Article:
History has plenty to teach us about game design.
Indie games are a bastion. A bastion of creativity, a level slate, a separation from the machinations of the wider industry. Most importantly, they’re a breathing space, a salve against the irritability of bigger-budget games.
Increasingly, though, the genre is being recognised alongside its grander cousins. The enormously successful Cultist Simulator, for example, rubbed shoulders with God of War and Assassin’s Creed at this year’s BAFTAs. Ukie’s chairman, Jo Twist, praised how indie games “drive much of the innovation and creativity that underpins the wider sector,” strong words from the head of the only trade body for the UK game industry.
“Innovation” is a word thrown around the wider narratives of indie development so blankly and so often, it verges on a kind of friendly word salad. The medium’s innovations are never elucidated upon and are often orientated solely to the future; indie games are not catalysts of modernity.
By consistently seeing indie games as building blocks for the industry going forward, well-meaning praise ends up forgetting the role indies play in re-evaluating gaming’s past. Indie titles aren’t only to be understood as a path to a future; they’re successful methods of modernising antiquated systems and design choices that have been left behind by the mainstream industry and, by extension, dragging them back from the brink of the history books.
Perhaps the most celebrated indie game ever made, Undertale was praised to the moon and back for its usurpation of player expectation, excellent writing, sense of scale, fourth-wall breaking story, and its nostalgia-inducing design. The game was well-recognised for its Earthbound influences, with Undertale’s sole creator, Toby Fox, cutting his game development teeth with Earthbound ROM hacks.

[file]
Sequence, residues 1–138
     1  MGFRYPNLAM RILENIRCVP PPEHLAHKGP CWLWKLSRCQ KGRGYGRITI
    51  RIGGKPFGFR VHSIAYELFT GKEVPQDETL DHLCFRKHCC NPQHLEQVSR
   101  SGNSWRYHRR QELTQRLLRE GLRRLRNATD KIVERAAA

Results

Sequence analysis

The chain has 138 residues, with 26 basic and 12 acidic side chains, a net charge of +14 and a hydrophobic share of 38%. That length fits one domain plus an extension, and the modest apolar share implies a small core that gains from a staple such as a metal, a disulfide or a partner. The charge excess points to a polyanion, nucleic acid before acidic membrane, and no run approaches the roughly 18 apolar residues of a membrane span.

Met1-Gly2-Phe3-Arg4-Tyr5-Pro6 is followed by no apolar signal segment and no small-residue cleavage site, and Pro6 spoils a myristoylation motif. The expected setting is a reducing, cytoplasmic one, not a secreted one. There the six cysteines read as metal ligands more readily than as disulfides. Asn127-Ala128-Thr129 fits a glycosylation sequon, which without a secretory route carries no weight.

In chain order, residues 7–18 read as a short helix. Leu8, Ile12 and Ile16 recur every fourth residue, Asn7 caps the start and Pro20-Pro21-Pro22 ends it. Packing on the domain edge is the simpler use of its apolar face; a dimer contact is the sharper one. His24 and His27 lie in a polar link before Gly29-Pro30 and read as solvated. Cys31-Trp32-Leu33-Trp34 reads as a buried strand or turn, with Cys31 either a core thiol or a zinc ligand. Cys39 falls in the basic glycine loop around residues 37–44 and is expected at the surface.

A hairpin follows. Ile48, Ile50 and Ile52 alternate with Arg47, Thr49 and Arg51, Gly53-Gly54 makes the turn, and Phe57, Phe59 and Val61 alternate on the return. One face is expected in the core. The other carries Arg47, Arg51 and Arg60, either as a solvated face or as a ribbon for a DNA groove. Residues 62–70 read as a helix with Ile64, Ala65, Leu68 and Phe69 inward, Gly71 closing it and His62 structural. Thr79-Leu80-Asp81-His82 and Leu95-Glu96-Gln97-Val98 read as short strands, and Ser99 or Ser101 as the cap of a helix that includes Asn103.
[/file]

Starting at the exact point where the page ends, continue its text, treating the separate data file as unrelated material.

While the Earthbound influence was noted, it was quickly left at the door as a context filler before Undertale was, perhaps rightfully, lauded as one of the best things to happen to indie RPGs for a long time. Very little was written, though, about how Fox managed to revive a style of RPG that seemed so lost to time.
Earthbound was by no means an unknown entity; the game has been permanently lodged in the recesses of JRPG discussion since its release, helped along of course by its difficulty to obtain. Earthbound was, though, a game seen as wholly original, echoed in reviews even as late as 2013, where IGN concluded the game was one of the “most unique RPGs to date”. Why, then, did Earthbound’s influence go unused for so long?
Just two years after IGN’s review was written, a one-man development team managed to recapture the same lightning-in-a-bottle magic as its influence by deciding to look backwards. By touching ground that the modern gaming scene regarded as sacred, an indie gem was born.
More importantly, a neglected sub-genre of obtrusive JRPG games was thrust back into the limelight, not for nostalgia, but for re-appraisal of what developers and the industry had missed. Undertale is an example of indie gaming’s knack for combining systems, stories, and aesthetics believed to be dated and breathing new life into them.
2012’s Lone Survivor ran with a similar philosophy, touching on the hallowed ground of survival horror greats before it. The game’s central inspiration, Silent Hill, has been lauded, much like Earthbound, as unrepeatable. While the game differed from its inspirations substantially in gameplay, by successfully adapting Silent Hill’s penchant for inward-looking horror to two-dimensional aesthetics it earned plaudits. Instead of solely trying to focus solely on the future, Lone Survivor achieved its deserved success by dusting off the not-so-distant past.